New York Times - John Quain
While major technology and car companies are teaching cars to drive themselves, Phantom Auto is working on remote control systems, often referred to as teleoperation, that many see as a necessary safety feature for the autonomous cars of the future. And that future is closer than you might think: California will allow companies to test autonomous vehicles without a safety driver — as long as the car can be operated remotely — starting next month.
WIRED - Alex Davies
[Phantom Auto] is showing off the type of remote-control capability that every major player in the nascent world of robotic driving will end up relying on...
IEEE Spectrum - Mark Harris
‘An autonomous vehicle company might have a system that works 95 or even 99 percent of the time, but that last 1 percent is a very difficult piece of the puzzle to solve,’ says Phantom CEO Shai Magzimof. ‘We’re here to do that hardest part.’
CNBC - Phil LeBeau
What happens when autonomous-drive cars have no safety driver? What are passengers supposed to do? Phantom Auto, a start-up in Mountain View, California, believes it has the answer. The company provides telepresence for autonomous-drive cars allowing a human to engage and operate the vehicle via remote control.
Engadget - Roberto Baldwin
Phantom Auto will initially be a bridge between what autonomous services want to be and what they will be out of the gate. Then it'll be a backup for all the weird things that happen on the road that a computer can't initially figure out. It'll be decades before there are level 5 fully autonomous cars on the road that can handle any situation. Between now and then, it'll make that very long transition easier for people to swallow if they know that if things get weird, somewhere there's a trained driver behind the wheel of a computer ready to help you get you where you're going.
Detroit Free Press - Eric D. Lawrence
“Everyone wants these vehicles on the road as soon as possible, but at the same time, lawmakers want to make sure that this testing and deployment is done in an optimally safe manner," Katz said. "If we were to deploy these and not have a remote operator, some sort of human in the loop, and there's some horrible accident, it doesn’t matter if that accident is caused by (any particular automaker), it pushes back the entire space and all the momentum that we’ve had going for the last number of years," Katz said.
Reuters / CNBC - Alexandria Sage
"We think we have the ultimate backup system — which is a human," said Elliot Katz, co-founder of Phantom Auto, which last month at the CES technology conference demonstrated how cars driving in Las Vegas could be remotely controlled from Mountain View, California, over 500 miles away.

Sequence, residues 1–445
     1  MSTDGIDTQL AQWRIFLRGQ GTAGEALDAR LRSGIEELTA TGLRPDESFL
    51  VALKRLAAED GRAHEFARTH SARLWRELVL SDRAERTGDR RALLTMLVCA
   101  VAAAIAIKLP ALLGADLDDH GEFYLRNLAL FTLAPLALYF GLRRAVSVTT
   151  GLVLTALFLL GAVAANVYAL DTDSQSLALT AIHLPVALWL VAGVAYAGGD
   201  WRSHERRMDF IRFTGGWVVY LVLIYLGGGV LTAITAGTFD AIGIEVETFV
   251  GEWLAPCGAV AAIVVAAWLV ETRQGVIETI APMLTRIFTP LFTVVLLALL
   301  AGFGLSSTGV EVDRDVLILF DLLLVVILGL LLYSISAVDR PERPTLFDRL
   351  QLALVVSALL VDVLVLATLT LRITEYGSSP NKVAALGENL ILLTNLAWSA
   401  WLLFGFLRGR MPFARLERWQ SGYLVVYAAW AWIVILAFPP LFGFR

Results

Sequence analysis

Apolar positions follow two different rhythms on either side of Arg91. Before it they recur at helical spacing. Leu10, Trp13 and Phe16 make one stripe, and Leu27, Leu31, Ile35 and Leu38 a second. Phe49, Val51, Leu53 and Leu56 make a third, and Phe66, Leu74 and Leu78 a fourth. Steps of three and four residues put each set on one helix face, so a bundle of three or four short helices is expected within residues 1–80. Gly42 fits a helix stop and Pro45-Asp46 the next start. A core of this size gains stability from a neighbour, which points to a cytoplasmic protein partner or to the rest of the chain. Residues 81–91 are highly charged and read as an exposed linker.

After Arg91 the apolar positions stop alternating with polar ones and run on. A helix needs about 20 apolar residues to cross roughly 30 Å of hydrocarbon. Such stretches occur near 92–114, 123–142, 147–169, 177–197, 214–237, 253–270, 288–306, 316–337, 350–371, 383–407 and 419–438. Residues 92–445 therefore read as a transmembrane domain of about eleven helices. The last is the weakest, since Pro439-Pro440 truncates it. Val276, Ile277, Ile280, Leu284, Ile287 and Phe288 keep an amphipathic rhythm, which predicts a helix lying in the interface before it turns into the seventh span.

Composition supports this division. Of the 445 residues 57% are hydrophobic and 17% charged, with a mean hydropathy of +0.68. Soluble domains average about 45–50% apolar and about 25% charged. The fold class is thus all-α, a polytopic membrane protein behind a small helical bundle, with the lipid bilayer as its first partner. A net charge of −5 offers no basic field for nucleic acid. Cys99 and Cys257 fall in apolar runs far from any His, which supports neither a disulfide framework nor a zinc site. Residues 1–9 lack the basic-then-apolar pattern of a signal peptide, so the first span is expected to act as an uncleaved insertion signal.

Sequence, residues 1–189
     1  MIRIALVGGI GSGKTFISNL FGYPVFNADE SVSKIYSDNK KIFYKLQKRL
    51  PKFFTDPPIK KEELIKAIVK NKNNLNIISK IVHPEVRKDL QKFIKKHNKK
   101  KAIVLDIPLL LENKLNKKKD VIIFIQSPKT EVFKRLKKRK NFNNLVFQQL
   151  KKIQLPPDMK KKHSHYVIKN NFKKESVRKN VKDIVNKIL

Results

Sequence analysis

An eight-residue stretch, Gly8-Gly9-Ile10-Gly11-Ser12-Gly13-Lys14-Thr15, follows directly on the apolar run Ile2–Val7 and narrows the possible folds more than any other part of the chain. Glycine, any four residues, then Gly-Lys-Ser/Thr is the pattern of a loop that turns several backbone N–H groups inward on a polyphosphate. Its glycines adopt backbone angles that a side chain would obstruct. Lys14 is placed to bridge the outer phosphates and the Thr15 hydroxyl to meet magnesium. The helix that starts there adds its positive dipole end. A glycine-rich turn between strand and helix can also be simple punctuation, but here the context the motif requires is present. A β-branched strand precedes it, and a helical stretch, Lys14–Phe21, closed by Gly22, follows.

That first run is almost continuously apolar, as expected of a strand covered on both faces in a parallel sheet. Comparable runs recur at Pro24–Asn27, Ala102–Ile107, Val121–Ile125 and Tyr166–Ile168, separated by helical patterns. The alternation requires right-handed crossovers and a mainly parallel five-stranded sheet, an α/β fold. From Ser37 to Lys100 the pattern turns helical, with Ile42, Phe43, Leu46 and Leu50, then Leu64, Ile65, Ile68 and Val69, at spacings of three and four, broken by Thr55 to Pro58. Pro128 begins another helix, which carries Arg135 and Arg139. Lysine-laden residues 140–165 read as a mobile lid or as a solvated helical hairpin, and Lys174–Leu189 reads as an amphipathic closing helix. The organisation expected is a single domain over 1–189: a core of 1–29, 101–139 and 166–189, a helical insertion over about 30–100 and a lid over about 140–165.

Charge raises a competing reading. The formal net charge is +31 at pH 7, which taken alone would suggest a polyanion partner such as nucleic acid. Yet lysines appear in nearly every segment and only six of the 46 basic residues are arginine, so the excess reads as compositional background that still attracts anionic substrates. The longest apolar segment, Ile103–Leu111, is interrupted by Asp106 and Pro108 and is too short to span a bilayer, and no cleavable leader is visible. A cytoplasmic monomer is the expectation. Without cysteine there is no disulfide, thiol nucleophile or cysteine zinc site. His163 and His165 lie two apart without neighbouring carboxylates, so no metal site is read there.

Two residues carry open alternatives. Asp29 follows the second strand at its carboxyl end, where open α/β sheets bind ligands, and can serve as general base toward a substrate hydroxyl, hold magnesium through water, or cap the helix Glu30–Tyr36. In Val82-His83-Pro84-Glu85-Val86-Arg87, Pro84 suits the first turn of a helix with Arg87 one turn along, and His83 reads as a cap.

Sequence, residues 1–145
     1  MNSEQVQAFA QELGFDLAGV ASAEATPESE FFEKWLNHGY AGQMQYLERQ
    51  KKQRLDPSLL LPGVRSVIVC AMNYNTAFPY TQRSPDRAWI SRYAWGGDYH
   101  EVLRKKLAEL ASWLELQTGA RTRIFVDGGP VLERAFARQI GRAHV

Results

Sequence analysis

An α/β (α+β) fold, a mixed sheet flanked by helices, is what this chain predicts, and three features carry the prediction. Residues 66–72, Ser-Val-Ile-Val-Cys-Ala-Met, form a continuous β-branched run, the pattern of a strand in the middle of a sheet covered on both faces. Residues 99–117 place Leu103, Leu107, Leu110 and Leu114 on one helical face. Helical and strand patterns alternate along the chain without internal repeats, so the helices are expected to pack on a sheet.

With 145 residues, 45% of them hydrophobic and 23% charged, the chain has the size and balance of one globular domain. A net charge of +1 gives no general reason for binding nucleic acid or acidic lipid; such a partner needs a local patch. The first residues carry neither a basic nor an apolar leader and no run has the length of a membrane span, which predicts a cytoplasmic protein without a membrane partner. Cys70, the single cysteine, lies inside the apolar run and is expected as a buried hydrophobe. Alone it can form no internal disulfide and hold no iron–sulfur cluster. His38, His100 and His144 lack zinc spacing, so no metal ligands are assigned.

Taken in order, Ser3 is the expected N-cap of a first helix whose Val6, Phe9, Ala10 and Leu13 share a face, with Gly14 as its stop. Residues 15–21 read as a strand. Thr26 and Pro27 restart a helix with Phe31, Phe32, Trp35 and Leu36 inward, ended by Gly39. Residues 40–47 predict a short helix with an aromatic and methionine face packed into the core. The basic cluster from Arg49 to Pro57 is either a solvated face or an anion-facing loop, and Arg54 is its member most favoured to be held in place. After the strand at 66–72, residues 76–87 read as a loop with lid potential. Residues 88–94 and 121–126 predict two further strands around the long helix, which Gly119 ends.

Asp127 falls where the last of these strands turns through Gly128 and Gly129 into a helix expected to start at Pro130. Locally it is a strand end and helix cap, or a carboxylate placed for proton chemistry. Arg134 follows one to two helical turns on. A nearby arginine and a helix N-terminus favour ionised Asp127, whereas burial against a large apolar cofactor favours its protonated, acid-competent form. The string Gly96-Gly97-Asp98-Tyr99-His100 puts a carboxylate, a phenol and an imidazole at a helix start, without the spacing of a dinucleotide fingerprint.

Automotive News - Katie Burke
During a test ride around Phantom's Silicon Valley offices last week, the car was able to smoothly complete a drive around the block without any intervention on the driving controls in the car. And with a human behind the remote controls, the ride felt much more natural compared with the rigidly rule-following self-driving cars.
Roadshow by CNET - Emme Hall
From inside the vehicle, the driving style is smooth -- inputs aren't jerky or rushed. That's because a human is essentially behind the wheel and the car behaved as such, crossing multiple lanes to make a left-hand turn and navigating the wild-west driving style of a crowded gas station.
San Francisco Chronicle - Carolyn Said
Car makers could contract out the remote-operator function to third parties, such as Mountain View’s Phantom Auto, which is developing remote-control centers for robot cars.
Bloomberg BNA - Michaela Ross
States ‘want AVs deployed in as safe a manner as possible, and they’re starting to see that remote operation technology is a viable way to fulfill that goal,’ Elliot Katz, co-founder of Phantom Auto, told Bloomberg Law.
PC Mag - Doug Newcomb
In the first demonstration of the technology on public roads, at CES a startup called Phantom Auto showed how a car on the Las Vegas Strip could be remotely controlled by a human operator who was 500 miles away in Mountain View, California.
U.S. Chamber of Commerce - Jordan Crenshaw & Julie Stitzel
Some of the U.S. Chamber’s team got a chance to ride in a remotely-driven vehicle down Las Vegas Boulevard powered by Phantom Auto’s software, which enables a backup driver to take the wheel of the vehicle. In this case, our driver sat at a console in Mountain View, CA while we comfortably drove around the Las Vegas Strip. Since this was our first time in this kind of connected vehicle, we were incredibly impressed with the technological leaps connected and smart vehicles have made.
ABC News Bay Area - Jonathan Bloom
[The CA DMV stated that] after a 30-day public posting period, companies could begin receiving permits on April 2 to operate with no one in the driver's seat -- as long as they use a remote control technology like the one made by Phantom Auto in Mountain View.
Recode - Johana Bhuiyan
It’s a requirement that many industry experts agree could help accelerate the proliferation of self-driving cars and ensure cars are able to operate in all situations — especially the unsolved edge cases. That’s good news for companies like Phantom Auto, which aims to be the remote safety driver for autonomous cars. In the short term, Phantom Auto is trying to replace the human safety driver who, today, takes over control of an autonomous car when the system fails, or in situations when the driver expects it to fail.
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